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Gove's criticism of the water companies' tax policies shows that the issue is of increasing importance to politicians across the political spectrum.
Read the full story in Independent: Michael Gove launches searing attack on water company bosses over tax avoidance and executive pay
In an unexpected move for a Conservative Cabinet minister, he named and shamed the chief executives of particular water companies. Gove accused them of funneling their profits to shareholders, while hiding "behind complex financial structures” in off-shore tax havens.
Some companies have been playing the system for the benefit of wealthy managers and owners, at the expense of consumers and the environment.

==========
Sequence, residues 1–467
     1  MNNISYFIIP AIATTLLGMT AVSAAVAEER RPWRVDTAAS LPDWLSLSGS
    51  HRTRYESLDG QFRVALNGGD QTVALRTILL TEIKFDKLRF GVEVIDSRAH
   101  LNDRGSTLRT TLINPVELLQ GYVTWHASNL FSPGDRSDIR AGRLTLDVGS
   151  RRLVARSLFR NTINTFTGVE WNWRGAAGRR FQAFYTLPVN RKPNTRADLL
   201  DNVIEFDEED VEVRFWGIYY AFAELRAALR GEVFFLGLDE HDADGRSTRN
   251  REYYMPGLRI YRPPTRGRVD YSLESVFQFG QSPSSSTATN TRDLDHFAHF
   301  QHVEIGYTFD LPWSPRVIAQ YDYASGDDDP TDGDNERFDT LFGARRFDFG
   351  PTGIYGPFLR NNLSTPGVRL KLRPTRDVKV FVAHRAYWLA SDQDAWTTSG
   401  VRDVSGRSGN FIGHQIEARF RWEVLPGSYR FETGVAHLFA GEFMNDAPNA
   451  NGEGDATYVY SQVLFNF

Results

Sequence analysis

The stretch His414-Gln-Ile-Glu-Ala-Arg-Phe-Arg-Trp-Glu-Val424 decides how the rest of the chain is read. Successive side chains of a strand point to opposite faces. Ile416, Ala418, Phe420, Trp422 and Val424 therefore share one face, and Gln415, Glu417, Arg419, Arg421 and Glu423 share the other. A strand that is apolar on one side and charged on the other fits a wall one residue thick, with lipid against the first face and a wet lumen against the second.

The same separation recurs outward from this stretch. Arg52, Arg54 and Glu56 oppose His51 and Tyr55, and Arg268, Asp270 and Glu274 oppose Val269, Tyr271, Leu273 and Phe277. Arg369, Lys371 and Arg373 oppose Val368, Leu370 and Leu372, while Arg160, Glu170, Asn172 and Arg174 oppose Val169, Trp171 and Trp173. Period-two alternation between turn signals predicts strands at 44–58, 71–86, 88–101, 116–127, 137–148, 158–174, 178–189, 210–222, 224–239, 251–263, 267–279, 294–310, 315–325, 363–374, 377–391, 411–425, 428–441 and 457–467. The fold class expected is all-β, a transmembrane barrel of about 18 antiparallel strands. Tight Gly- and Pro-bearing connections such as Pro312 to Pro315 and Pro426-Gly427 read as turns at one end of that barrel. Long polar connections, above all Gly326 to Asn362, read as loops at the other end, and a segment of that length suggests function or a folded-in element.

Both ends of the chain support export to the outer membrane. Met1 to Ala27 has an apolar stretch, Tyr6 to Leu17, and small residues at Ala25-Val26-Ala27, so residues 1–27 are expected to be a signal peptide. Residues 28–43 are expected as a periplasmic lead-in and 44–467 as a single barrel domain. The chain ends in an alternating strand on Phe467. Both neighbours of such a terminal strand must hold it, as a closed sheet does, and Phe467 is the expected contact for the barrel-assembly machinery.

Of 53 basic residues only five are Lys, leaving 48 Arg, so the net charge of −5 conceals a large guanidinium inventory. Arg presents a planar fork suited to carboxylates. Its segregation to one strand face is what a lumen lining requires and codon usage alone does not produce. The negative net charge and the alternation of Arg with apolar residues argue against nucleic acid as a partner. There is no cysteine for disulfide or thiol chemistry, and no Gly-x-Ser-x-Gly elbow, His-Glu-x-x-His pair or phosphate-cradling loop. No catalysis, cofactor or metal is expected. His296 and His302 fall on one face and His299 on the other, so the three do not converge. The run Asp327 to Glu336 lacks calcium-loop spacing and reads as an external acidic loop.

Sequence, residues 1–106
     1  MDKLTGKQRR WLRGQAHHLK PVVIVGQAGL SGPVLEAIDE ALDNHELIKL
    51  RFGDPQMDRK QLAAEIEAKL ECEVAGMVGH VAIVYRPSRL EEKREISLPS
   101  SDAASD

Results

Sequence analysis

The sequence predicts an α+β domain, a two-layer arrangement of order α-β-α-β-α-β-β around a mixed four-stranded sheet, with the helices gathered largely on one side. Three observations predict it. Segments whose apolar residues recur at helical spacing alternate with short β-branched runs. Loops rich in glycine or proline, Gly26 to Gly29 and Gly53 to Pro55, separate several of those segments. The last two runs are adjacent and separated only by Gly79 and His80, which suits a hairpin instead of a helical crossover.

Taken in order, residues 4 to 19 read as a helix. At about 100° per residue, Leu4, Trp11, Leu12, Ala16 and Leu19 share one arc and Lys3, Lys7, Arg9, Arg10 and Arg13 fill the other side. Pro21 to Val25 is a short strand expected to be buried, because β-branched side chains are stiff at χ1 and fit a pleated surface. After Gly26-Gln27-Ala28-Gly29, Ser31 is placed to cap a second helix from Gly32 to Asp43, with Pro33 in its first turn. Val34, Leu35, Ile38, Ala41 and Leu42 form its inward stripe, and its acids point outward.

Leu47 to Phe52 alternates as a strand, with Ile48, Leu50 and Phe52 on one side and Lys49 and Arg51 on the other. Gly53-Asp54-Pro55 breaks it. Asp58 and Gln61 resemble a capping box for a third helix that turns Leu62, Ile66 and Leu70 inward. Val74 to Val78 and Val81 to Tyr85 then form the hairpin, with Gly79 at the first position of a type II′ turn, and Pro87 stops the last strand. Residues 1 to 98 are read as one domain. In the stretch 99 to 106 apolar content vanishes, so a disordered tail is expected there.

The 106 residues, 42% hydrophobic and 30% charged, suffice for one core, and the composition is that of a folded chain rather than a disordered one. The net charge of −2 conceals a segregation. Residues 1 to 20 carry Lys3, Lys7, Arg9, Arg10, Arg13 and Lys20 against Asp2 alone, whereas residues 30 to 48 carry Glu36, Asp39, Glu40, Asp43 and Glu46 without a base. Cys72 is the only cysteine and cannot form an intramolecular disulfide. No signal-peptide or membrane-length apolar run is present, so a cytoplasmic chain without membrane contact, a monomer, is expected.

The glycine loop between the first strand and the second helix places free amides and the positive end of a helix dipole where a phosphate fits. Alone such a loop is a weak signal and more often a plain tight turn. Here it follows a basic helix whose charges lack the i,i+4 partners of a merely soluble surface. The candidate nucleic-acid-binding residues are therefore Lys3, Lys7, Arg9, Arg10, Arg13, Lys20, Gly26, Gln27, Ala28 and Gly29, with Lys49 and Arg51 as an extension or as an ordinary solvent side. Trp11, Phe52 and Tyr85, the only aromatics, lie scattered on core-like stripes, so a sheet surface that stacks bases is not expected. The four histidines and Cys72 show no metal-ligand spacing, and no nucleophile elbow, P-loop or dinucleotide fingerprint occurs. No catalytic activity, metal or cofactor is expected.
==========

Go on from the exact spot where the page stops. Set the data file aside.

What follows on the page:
He went on:
They have shielded themselves from scrutiny, hidden behind complex financial structures, avoided paying taxes, have rewarded the already well-off, kept charges higher than they needed to be and allowed leaks, pollution and other failures to persist for far too long.
Labour, led by Jeremy Corbyn, has been equally scathing of companies involved in privatisation:
The failure of privatisation and outsourcing of public services could not be clearer.
From Carillion’s collapse and the private sector’s chronic inability to run the East Coast Mainline to the exorbitant costs of PFI and the hopeless inability of G4S even to handle basic security at the London Olympics the same story is repeated again and again; costly, inefficient, secretive.
Unaccountable corporate featherbedding, lubricated by revolving door appointments between Whitehall, Westminster and private boardrooms as service standards and the pay and conditions of public service workers are driven down. This obsessive drive to outsource and privatise has been tried and tested to destruction.
Carillion’s meltdown is a watershed moment. We need to take a new direction with a genuinely mixed economy fit for the 21stcentury that meets the demands of cutting edge technological change. Public services that reflect today’s society and the industries of the future.